Rural women and girls across the world are a “powerful force” in global action to respond to climate change, according to the UN Secretary-General António Guterres.
In a message to mark the International Day of Rural Women, observed annually on 15 October, the UN chief said that “listening to rural women and amplifying their voices is central to spreading knowledge about climate change and urging governments, businesses and community leaders to act.”
The theme for this year’s celebration is “Rural Women and Girls Building Climate Resistance.”
Mr Guterres added that “they are a repository of knowledge and skills which can help communities to use nature-based, low-carbon solutions to adapt to what the UN considers the defining issue of our time.”
“As early adopters of new agricultural techniques, first responders in crises and entrepreneurs of green energy, rural women are a powerful force that can drive global progress,” he said.
Globally, one in three women works in agriculture, according to the International Labour Organization (ILO).
It is a sector that gets hit hard when climate-related disasters strike, such as droughts and heat waves. The UN’s Food and Agriculture Organization (FAO) reports that between 2006-2016, a quarter of total damage and loss caused by climate-related disasters in developing countries occurred in agriculture.
While women cultivate land, collect food, water and essential fuels, and sustain entire households, the UN chief pointed out that they lack equal access to land, finances, equipment, markets and the power to make decisions.
“Climate change exacerbates these inequalities, leaving rural women and girls further behind,” he said, adding that women “suffer disproportionately” in climate disasters.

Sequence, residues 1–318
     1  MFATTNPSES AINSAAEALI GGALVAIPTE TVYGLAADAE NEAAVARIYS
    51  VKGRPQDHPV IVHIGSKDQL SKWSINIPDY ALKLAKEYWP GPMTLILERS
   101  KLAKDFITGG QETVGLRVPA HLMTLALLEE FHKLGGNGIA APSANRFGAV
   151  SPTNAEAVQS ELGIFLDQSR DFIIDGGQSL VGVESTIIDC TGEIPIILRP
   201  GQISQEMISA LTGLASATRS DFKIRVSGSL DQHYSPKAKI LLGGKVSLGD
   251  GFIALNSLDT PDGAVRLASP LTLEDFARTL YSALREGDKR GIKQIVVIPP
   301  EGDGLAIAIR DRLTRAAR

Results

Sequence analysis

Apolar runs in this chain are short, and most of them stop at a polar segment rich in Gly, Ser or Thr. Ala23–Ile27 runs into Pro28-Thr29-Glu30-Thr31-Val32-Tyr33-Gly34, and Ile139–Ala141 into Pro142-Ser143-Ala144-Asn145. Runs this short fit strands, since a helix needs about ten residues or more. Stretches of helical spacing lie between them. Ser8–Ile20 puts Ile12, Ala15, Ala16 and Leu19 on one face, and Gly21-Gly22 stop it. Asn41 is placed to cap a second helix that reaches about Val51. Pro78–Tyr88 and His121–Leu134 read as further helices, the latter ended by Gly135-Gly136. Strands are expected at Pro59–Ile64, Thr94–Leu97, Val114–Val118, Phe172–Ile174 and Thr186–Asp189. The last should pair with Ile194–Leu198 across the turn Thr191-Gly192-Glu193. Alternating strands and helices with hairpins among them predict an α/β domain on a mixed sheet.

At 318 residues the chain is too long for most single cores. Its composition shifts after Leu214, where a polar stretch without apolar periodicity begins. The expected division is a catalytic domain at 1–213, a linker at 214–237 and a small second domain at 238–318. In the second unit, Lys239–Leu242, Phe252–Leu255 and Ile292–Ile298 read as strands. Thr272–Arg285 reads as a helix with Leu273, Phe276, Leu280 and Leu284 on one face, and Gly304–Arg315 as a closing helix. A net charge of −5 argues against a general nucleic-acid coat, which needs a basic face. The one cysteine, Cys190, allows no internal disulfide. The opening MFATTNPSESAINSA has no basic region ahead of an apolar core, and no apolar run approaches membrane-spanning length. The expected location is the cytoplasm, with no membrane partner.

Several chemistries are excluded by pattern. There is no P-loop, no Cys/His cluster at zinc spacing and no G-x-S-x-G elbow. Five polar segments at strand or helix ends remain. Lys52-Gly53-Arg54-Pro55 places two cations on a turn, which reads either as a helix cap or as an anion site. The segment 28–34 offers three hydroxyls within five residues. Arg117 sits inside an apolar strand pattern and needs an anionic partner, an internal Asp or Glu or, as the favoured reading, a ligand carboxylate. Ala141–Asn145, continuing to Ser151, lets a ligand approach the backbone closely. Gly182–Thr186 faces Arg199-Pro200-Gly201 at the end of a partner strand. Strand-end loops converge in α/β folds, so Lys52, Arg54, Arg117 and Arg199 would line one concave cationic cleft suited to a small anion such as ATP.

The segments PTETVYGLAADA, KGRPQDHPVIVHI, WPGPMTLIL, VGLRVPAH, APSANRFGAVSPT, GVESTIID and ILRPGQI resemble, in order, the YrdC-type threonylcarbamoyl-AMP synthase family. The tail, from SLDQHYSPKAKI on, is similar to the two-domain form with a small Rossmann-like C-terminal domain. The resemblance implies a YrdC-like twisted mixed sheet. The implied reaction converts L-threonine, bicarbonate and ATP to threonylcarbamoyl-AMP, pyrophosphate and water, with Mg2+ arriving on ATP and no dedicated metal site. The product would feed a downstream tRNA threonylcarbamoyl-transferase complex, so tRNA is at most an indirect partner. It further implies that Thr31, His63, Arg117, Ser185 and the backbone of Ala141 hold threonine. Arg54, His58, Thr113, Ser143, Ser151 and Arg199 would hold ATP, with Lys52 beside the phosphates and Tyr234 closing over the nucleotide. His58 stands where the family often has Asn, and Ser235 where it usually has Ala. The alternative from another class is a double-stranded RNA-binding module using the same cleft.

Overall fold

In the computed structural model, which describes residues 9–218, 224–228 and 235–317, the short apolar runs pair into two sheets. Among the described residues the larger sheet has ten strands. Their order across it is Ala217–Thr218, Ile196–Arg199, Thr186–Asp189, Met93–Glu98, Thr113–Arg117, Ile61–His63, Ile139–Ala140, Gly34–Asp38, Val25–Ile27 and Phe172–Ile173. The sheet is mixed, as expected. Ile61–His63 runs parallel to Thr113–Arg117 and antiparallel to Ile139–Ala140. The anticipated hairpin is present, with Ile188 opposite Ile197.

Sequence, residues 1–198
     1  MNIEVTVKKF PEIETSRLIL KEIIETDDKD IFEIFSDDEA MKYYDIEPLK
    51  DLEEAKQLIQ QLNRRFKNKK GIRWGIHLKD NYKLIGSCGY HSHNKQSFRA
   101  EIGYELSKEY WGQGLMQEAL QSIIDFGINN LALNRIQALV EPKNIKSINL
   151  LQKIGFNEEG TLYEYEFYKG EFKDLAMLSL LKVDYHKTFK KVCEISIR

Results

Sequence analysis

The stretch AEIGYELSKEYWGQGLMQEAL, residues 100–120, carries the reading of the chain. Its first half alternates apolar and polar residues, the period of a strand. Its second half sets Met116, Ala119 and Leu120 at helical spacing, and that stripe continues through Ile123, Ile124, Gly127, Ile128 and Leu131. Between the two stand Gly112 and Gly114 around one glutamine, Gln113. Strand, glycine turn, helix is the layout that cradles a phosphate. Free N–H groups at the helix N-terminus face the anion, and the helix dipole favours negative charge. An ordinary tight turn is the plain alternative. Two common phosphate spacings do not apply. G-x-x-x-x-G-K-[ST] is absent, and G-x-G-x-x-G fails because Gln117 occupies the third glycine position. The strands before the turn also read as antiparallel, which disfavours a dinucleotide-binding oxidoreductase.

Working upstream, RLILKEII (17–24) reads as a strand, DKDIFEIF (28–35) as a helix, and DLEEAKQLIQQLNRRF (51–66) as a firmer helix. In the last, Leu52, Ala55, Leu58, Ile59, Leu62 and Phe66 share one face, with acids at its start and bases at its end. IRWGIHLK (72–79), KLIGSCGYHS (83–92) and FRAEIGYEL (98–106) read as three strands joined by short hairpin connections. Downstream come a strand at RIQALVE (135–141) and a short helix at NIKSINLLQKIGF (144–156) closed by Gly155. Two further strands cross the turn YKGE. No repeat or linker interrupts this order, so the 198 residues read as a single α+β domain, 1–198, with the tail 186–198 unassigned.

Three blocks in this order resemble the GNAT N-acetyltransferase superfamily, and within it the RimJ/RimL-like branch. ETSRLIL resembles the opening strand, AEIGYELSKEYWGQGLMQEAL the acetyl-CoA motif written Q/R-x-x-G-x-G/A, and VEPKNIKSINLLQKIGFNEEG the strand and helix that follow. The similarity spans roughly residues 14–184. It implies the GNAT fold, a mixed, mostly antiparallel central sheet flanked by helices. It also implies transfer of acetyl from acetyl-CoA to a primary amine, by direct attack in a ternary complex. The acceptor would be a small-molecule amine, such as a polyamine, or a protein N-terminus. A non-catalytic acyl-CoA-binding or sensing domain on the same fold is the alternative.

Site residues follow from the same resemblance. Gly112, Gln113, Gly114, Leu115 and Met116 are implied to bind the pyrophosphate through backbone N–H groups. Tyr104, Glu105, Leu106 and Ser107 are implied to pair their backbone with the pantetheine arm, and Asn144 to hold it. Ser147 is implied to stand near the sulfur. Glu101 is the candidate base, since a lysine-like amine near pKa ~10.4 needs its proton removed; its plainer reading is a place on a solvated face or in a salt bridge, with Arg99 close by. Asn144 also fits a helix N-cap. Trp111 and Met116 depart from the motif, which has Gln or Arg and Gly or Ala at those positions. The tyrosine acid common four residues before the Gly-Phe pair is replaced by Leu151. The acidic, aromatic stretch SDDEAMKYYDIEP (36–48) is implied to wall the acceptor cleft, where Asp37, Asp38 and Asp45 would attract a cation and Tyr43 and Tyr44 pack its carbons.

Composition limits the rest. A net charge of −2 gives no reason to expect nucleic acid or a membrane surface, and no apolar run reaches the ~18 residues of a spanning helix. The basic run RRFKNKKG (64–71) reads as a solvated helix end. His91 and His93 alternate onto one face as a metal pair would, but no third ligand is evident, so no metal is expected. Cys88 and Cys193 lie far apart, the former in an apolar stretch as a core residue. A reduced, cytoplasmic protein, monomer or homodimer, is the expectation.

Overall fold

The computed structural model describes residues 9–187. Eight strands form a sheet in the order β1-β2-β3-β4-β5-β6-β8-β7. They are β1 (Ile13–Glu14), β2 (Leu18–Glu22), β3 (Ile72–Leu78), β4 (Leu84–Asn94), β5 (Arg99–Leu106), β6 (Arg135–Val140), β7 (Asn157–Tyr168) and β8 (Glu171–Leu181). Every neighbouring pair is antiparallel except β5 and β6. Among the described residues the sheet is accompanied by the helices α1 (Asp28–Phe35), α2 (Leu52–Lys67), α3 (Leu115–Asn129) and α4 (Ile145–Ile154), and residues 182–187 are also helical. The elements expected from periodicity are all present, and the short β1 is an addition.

Empowering women in the Bolivian Amazon
Women, including some from indigenous communities, are helping to protect forests in the northern Bolivian Amazon through a series of economic empowerment projects funded in part by UN Women.
Sandra Justiniano, 35, is among 24 people from Buen Retiro community who process wild fruits from the jungle such as açaí, majo, and cupuaçu to sell to local suppliers. At the same time, they are trained in how to care for the forest, for example by not burning during dry periods.
Prior to the project, the residents sold 200 litres of açaí juice per day, produced by hand. Today, their output is up to 500 litres daily, plus they extract the pulp for sale.
“It has improved our incomes; we acquired new knowledge about empowerment, about our rights and finances; we learned to present projects; we know about expanding markets ,” Ms. Justiniano told UN Women recently.
“We are able to speak in public, participate actively, present our economic proposals to the authorities, and negotiate with them. That is empowerment.”
The International Fund for Agricultural Development (IFAD) estimates that around 40 per cent of the global population, or some three billion people, live in the rural areas of developing countries, most of whom depend on small family farms to earn a living.
The agency believes that investing in rural people is the long-term solution to problems the world currently faces such as hunger, poverty, youth unemployment and forced migration.
Promoting gender equality is an IFAD priority because “when women are empowered, families, communities and countries benefit”.
That message is echoed in the UN Secretary-General’s call to support rural women in building climate resilience.
“One of the most effective ways to achieve progress on the threats posed by climate change is addressing gender inequality,” he said.
“Empowered women have greater capacity to respond to climate change and they play important roles in adopting low-carbon technologies, spreading knowledge about climate change, and urging action.”